Lawyer course

Biden ends plan to appoint McConnell-backed anti-abortion lawyer as judge

WASHINGTON — The White House is dropping plans to appoint a Kentucky lawyer who opposes abortion rights and is backed by Sen. Mitch McConnell to a federal court seat, citing opposition from Sen. Rand Paul, the colleague of Mr. McConnell’s home state.

Resistance from fellow Republican Mr McConnell marked a new twist on a potential nomination that had sparked outrage from the left. Democrats were furious that President Biden’s team agreed to bring forward a conservative chosen by Mr. McConnell to fill a vacancy on the district court as the party ramps up efforts to counter new abortion restrictions.

Potential nominee Chad Meredith had successfully defended Kentucky’s anti-abortion law as a state attorney. Mr. Biden’s plan to appoint him was made public by the Louisville Courier-Journal just before the Supreme Court overturned Roe v. Wade which established the right to abortion.

Mr. McConnell, the Minority Leader, who has a deep interest in shaping the federal justice system, said the White House intends to follow through on its commitment to appoint Mr. Meredith until Mr. Paul opposes it. Mr. Paul informed the White House that he would not return a “blue slip” consenting to the appointment of Mr. Meredith, who is now in private practice.

The blue slip tradition followed by the Senate Judiciary Committee effectively gives home state senators veto power over the selection of federal district court judges for their states.

“In reviewing potential District Court nominees, the White House has learned that Senator Rand Paul will not be returning a blue slip on Chad Meredith,” Andrew Bates, a White House spokesman, said in a statement. “Therefore, the White House will not appoint Mr. Meredith.”

The result left Mr. McConnell frustrated and some Democrats perplexed. He pulled back the curtain on a rarely discussed back channel of communication that remains between Mr. McConnell and Mr. Biden, who were once negotiating partners in the Senate but have more recently had little to do with each other so that the Kentucky Republican is working to sink the Democratic president’s agenda.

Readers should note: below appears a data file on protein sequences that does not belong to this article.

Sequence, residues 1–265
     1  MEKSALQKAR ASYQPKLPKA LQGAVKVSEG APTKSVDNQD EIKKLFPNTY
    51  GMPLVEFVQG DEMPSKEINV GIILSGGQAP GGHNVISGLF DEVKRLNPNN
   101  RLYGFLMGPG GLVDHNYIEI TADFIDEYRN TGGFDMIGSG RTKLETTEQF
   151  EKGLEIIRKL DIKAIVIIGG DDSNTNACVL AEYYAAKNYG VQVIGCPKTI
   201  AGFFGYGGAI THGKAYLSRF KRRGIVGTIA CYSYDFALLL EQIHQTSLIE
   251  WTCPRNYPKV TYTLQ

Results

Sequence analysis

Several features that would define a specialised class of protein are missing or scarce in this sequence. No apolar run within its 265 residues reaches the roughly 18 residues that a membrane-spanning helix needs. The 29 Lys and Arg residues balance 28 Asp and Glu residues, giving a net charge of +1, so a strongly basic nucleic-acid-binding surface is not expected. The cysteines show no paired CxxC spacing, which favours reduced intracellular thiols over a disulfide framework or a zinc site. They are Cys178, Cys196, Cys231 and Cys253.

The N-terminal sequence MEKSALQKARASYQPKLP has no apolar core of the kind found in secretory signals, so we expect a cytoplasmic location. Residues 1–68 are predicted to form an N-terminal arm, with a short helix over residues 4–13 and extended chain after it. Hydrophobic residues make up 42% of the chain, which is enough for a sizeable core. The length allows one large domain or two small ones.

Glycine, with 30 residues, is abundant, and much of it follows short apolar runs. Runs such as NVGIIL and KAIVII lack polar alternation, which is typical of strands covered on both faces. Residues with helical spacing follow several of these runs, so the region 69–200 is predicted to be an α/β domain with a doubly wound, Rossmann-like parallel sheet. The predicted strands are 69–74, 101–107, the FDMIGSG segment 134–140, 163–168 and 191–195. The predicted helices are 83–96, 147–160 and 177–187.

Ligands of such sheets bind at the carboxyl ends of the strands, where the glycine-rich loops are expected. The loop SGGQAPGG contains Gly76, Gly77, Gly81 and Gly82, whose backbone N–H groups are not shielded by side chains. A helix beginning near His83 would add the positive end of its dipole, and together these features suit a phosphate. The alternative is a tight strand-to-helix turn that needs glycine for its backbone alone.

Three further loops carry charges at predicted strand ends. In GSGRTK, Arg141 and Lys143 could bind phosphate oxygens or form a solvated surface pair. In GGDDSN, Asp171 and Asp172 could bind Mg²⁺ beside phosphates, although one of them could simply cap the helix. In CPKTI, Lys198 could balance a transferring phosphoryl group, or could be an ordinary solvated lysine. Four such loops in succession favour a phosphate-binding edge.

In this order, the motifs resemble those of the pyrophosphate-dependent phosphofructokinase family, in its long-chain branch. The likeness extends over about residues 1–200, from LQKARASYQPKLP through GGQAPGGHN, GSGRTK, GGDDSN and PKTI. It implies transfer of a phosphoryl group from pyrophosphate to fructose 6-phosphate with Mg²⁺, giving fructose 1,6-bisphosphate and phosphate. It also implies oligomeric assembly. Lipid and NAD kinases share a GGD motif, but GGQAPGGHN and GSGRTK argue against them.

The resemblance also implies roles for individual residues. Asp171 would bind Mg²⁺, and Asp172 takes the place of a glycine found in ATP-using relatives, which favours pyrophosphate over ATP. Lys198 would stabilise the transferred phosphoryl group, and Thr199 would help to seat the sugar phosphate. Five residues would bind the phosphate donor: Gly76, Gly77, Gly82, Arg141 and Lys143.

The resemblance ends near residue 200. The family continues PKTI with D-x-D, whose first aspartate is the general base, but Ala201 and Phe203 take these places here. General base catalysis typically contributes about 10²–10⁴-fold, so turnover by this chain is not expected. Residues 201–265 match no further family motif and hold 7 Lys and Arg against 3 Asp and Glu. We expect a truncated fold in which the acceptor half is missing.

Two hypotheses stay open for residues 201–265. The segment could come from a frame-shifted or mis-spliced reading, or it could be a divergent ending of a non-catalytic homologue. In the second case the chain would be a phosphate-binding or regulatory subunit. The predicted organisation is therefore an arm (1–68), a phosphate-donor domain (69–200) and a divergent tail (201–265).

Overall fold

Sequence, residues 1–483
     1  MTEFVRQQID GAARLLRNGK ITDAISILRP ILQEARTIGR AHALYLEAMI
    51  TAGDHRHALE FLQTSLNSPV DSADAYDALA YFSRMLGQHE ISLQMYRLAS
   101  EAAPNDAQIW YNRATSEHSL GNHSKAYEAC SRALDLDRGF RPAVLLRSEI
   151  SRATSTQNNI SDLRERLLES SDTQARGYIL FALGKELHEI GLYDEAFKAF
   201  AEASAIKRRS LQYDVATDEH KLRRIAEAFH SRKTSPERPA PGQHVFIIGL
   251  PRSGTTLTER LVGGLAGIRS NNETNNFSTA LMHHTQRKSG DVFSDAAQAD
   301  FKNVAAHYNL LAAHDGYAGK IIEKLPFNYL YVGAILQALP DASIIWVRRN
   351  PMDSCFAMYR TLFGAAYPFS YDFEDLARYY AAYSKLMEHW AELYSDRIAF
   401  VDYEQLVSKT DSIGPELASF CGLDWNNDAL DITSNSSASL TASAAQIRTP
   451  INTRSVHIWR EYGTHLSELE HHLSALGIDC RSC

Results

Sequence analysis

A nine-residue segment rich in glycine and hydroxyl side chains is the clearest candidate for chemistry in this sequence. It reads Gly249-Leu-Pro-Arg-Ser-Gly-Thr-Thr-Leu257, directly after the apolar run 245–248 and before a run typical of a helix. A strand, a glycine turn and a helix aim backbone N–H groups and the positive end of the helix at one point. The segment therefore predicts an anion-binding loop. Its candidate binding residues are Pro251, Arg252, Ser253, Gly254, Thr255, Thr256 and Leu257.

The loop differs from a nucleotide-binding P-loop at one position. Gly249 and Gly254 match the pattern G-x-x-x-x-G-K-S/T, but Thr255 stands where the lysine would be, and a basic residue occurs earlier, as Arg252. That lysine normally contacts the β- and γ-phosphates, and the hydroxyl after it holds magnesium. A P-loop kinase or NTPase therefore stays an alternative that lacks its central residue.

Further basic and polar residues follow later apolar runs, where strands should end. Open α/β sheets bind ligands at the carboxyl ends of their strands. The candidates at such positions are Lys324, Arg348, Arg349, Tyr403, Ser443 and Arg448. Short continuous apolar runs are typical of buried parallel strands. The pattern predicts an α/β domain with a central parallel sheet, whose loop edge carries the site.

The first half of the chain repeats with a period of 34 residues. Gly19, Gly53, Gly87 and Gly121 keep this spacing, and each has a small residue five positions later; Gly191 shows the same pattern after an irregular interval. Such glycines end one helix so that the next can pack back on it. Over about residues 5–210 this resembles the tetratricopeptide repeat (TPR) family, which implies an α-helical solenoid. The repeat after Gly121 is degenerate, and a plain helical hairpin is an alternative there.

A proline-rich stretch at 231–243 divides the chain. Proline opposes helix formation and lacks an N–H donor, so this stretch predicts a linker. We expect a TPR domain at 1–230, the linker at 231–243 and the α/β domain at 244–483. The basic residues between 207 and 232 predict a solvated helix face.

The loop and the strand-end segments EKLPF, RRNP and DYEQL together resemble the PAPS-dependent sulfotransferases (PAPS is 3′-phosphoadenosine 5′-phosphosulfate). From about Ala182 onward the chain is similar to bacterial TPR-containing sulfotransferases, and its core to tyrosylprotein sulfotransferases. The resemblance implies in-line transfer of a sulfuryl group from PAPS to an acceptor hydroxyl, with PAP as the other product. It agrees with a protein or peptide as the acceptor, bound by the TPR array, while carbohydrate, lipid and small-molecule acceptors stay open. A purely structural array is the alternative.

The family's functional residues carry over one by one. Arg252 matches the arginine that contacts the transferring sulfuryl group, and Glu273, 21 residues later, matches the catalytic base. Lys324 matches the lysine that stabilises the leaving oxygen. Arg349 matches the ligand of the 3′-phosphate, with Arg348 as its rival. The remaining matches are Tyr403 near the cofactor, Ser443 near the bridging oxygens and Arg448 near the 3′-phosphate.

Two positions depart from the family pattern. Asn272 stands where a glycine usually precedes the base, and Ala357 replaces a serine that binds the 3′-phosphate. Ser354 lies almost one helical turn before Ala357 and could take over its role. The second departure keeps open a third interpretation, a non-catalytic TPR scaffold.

Still, Mr McConnell said he had persuaded the White House to do him a “personal favour” by benching a young Tory, only to be thwarted by a fellow Republican.

“The net result of this is that it prevented me from getting my kind of judge from a liberal Democratic president,” Mr. McConnell said in an interview, calling Mr. Paul’s position “utterly unnecessary. “.

Mr. Meredith, a member of the conservative federal society, would have replaced Judge Karen Caldwell, 66, appointed by President George W. Bush in 2001. Last month, she announced her intention to take the status of senior magistrate, a decision that would reduce his workload while creating a vacancy to fill in the White House. She gave no specific date for her departure, which could depend on who is chosen to replace her.

Mr. Paul’s office did not respond to requests for comment on the disclosure by Mr. McConnell and the White House.

But Democrats had made it clear they were unhappy with Mr Meredith’s potential nomination, wondering aloud why Mr Biden would agree to nominate someone who opposes abortion rights, and what he could have extracted Republicans in return.

“I said, what’s in it for us?” Sen. Richard J. Durbin, the Illinois Democrat who is the chairman of the Judiciary Committee, told reporters this week, describing how he lobbied the White House for the nomination for the seat of the Kentucky court. “They didn’t give me a definite answer.”

Mr McConnell said he made no promises to the White House to do anything in return for Mr Biden accepting his recommendation, a call he made through Ron Klein, the chief of staff.

“There was no deal,” Mr. McConnell said, adding that Mr. Biden’s consideration represented the kind of “collegiality” and once-routine cooperation with home state judges that has declined in recent years. “It was a personal gesture of friendship.”